A local World War II veteran wants to be buried with his Purple Heart, but his attempt to get his lost medal replaced has hit delay after delay. The I-Team looked into what's causing the hold up.
This Oak Creek veteran has been trying to get his medal replaced for almost a year. The short answer to why it's taking so long? He's a Marine. It's the only branch of the military that uses a different verification process for replacing medals.
Joe Juszczak was 17-years-old and about to fight a key battle against the Japanese. He told us he remembers being scared. It was August 1942.
Joe's Marine platoon had orders to take back Guadalcanal in the Solomon Islands. The Japanese were building an air base there which would give them control of shipping routes in the Pacific.
The Marines secured the island, but then had to defend it against waves of Japanese attacks. A couple of months later Joe's platoon was ambushed. He was injured by enemy fire the day after Thanksgiving. "In the chest, in shoulder and it came out the arm," Joe explained.
He spent a year-and-a-half in the hospital and was awarded a Purple Heart. Years later the medal was lost during a move.
Last year Joe's neighbor, Alex Zimny, jumped in to help. He worked through Congressman Paul Ryan's office hoping it would be a speedy process.
"I really thought this would have gone a lot quicker," Zimny commented. Instead it's been almost a year of delays. In December Ryan's office submitted a request with the United States Marine Corps.
According to the Congressman's spokesperson, "our office has requested numerous status updates, both in writing and over the phone, often to have the requests go unanswered. The USMC has extended the previously provided deadline numerous times."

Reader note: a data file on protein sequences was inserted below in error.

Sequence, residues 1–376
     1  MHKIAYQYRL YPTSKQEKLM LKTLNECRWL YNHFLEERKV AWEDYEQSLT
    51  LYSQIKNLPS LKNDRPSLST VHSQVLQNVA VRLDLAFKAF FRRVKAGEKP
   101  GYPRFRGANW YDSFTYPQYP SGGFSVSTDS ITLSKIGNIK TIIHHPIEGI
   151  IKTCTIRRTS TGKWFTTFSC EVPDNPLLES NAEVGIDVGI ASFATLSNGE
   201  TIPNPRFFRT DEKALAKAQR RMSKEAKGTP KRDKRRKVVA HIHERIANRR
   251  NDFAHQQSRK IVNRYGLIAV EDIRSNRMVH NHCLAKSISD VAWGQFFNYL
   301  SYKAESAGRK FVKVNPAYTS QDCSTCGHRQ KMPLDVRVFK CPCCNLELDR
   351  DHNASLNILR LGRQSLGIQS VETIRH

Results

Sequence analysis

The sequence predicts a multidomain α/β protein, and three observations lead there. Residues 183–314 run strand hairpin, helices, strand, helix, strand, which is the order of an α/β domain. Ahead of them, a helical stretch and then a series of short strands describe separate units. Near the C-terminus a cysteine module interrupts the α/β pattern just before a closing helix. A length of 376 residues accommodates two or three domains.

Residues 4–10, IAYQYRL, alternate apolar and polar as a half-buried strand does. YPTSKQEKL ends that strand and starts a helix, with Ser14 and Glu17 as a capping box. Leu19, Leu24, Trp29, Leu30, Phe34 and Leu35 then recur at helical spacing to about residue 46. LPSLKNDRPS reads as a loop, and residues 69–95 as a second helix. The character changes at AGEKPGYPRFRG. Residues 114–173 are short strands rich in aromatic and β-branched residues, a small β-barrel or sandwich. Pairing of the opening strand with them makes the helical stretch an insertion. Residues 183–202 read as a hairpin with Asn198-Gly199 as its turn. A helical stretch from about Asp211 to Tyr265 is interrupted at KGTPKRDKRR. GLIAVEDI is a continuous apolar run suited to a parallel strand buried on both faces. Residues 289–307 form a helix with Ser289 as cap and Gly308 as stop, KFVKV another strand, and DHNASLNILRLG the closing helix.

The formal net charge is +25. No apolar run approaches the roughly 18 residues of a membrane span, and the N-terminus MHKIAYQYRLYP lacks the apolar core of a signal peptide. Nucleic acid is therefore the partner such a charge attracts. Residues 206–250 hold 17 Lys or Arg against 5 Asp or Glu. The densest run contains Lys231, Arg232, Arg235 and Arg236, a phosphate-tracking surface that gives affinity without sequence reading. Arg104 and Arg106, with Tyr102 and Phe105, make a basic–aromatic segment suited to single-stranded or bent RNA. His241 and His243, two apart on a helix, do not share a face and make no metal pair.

The latest delay came a few weeks ago. The Marine Corps extended Joe's case to October 30th, ten months after his request was first filed. According to Ryan's office the USMC is the only branch of service that still does its own verification of awards entitlement, a slow process. We reached out to the other branches of the military. The Air Force handles 45,000 requests for medal replacements a year. On average the process takes only 90 days.
Zimny said he's "disappointed, particularly with the Marine Corps." He's also frustrated by what he feels is a lack of recognition for Joe's service whose platoon played a key role in Japan's first defeat on land. "That was a fairly historic moment for the Marine Corps, fighting in that battle. That was a turning point of World War II in the Pacific."
This year Joe had a second stroke. At 93-years-old Joe just has one wish, "when i die I want it in my coffin."
Joe told us he has no family left. His wife of 72 years died in 2016. He also lost his daughter. If something happens to Joe before his Purple Heart is replaced he told us the Marines might as well "throw it out," because he has no one to give it to.
A USMC spokesperson told us there has been an increase in the number of requests and the awards branch works to answer each in turn. The Marine Corps also said quote "we regret the length of time it has taken to provide a response to Mr. Juszczak; however, the verification process is paramount to the integrity of the Marine Corps awards system."
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